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US decides against sanctioning Israeli battalion despite ‘gross human rights violations’

April 26, 2024 at 4:17 pm

Israeli soldiers of the Jewish Ultra-Orthodox battalion ‘Netzah Yehuda’ take part in their annual unit training in the Israeli annexed Golan Heights, near the Syrian border on 19 May, 2014 [MENAHEM KAHANA/AFP via Getty Images]

The US has reversed its decision to impose sanctions on the extremist Israel Defence Forces’ Netzah Yehuda battalion, despite determining that soldiers in the brigade had committed “gross human rights violations” against Palestinian civilians in the occupied West Bank, ABC News reported. This marks the second time the administration of President Joe Biden has failed to push ahead with sanctioning Israelis for gross human rights violations since 7 October.

The Netzah Yehuda battalion, created for religious fundamentalists in Israel, has attracted many religious extremists and Zionist settler groups since its founding in 1999. The decision not to sanction the battalion was outlined in an undated letter from Secretary of State Antony Blinken to House Speaker Mike Johnson, which ABC News obtained.

Blinken stated that the US determination “will not delay the delivery of any US assistance and Israel will be able to receive the full amount appropriated by Congress.” He also mentioned that the Israeli government had presented new information regarding the status of the unit and that the US would engage in identifying a path to effective remediation for the unit.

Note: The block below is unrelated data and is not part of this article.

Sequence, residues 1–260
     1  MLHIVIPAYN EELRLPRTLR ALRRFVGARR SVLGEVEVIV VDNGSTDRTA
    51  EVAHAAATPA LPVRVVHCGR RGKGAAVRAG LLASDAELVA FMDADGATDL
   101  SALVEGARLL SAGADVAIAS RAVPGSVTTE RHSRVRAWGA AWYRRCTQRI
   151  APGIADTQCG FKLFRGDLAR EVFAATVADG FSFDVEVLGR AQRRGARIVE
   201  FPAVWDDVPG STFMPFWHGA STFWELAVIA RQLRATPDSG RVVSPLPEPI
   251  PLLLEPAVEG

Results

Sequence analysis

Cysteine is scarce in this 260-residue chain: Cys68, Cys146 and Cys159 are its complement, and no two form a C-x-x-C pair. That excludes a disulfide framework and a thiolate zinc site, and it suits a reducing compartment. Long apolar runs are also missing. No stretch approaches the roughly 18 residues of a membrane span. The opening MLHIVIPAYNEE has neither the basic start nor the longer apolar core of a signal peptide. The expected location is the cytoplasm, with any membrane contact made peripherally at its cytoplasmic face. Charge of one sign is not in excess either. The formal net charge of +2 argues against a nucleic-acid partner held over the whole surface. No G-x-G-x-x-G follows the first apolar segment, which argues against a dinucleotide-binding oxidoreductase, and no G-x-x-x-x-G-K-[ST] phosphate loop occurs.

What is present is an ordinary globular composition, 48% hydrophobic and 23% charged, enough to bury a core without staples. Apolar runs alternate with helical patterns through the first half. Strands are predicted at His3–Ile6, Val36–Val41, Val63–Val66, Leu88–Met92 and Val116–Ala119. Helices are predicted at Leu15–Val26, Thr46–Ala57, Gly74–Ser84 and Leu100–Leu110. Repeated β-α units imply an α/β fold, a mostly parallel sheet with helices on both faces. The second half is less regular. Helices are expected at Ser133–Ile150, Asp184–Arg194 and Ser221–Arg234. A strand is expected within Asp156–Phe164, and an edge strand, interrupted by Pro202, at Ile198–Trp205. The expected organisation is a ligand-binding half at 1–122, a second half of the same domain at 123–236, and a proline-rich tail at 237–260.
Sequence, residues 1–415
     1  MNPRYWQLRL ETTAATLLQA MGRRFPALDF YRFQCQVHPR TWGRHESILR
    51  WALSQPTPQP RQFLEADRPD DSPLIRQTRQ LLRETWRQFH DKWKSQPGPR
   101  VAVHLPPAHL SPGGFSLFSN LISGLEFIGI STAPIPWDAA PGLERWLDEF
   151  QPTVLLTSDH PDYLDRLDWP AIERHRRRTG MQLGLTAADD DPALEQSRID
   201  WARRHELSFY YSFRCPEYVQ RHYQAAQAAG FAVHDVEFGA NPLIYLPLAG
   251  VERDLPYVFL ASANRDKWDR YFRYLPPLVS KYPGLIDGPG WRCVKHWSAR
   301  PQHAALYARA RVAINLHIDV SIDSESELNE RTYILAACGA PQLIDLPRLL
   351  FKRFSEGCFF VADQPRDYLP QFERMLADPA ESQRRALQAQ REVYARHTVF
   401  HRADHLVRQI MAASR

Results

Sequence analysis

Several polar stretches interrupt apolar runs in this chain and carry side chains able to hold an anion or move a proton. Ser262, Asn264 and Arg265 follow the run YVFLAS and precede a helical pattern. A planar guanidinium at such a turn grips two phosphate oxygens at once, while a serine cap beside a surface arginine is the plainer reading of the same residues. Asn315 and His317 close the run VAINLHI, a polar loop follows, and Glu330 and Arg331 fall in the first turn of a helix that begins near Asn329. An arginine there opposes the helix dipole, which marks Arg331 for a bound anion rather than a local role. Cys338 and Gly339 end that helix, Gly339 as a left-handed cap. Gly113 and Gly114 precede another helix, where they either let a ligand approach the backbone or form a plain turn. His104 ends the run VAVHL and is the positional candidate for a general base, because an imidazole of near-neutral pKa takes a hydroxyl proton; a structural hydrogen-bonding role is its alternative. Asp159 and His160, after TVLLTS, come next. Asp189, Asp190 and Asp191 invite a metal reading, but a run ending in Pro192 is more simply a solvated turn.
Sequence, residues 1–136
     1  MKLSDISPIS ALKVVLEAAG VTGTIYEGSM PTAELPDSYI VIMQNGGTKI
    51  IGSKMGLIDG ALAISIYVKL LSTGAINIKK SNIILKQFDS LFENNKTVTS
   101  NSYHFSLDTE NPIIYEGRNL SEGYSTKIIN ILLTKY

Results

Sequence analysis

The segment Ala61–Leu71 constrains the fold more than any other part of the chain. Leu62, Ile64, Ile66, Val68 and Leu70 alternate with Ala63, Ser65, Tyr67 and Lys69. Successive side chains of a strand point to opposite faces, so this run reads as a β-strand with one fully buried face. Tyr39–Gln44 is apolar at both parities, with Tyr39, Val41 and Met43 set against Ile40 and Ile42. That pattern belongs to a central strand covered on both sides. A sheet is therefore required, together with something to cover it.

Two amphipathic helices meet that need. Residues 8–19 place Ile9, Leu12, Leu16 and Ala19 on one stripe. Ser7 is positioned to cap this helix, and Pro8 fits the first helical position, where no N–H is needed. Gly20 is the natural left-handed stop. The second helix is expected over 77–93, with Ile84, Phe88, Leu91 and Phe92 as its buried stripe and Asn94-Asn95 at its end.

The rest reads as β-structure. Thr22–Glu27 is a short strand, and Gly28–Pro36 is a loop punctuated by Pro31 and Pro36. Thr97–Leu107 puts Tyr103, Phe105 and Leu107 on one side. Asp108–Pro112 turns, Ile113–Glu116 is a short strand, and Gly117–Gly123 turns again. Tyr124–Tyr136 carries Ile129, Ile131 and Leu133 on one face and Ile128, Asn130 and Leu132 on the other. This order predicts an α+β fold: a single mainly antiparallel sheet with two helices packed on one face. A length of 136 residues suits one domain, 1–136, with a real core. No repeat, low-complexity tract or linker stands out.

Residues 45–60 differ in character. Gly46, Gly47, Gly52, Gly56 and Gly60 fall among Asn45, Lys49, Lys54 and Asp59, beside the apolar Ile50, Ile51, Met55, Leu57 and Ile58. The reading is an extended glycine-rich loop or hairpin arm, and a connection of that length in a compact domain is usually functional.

The decision to avoid sanctioning the Haredi battalion may have been influenced by appeals from Israeli leaders across the political spectrum. Earlier this week, Israeli Prime Minister Benjamin Netanyahu said that he would fight any sanctions imposed on any Israeli military unit. “If somebody thinks they can impose sanctions on any IDF unit, I’ll fight that with all my might,” Netanyahu said in a statement.

Earlier this month, the Biden administration failed to impose sanctions on extremist settlers after announcing in March that it would seek to punish individuals linked to settler violence.  A month later the White House informed the Israeli Finance Ministry that banks in Israel do not need to freeze the accounts of settlers who have been placed under sanctions by Washington.

Israeli banks had frozen the accounts of the settlers after the US announced the sanctions. However, in a letter sent to the Finance Ministry, Washington said the measures were “not intended to compel Israeli banks to close the accounts of targeted individuals.”

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